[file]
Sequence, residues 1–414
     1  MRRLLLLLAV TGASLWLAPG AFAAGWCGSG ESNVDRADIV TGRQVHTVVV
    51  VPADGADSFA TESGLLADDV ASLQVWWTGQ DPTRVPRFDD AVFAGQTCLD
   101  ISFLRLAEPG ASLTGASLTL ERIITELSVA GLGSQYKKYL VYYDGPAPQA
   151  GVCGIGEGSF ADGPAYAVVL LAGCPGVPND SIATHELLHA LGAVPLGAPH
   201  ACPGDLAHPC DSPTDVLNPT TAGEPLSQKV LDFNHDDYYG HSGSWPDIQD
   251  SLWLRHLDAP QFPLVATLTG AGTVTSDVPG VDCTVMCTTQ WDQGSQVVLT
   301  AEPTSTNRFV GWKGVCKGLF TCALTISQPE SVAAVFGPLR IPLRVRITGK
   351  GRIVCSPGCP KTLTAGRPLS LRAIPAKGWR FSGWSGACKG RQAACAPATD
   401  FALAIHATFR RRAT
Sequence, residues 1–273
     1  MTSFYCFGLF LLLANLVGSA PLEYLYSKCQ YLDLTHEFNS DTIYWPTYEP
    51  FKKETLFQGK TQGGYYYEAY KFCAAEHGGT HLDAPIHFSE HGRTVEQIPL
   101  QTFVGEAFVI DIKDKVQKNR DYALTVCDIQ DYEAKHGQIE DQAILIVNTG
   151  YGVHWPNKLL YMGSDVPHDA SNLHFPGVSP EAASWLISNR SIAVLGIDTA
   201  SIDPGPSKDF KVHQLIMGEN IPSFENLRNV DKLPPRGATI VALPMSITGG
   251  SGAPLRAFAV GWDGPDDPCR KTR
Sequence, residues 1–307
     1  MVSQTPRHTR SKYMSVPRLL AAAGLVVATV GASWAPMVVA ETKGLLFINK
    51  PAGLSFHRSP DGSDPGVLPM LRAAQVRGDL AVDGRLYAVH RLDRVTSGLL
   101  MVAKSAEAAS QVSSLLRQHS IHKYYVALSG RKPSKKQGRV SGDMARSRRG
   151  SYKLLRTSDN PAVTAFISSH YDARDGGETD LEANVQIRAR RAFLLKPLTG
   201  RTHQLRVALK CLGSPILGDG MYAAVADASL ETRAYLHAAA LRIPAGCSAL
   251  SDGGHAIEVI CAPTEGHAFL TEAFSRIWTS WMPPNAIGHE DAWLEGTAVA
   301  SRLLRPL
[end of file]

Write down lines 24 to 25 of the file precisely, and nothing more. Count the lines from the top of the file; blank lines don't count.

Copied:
   251  SDGGHAIEVI CAPTEGHAFL TEAFSRIWTS WMPPNAIGHE DAWLEGTAVA
   301  SRLLRPL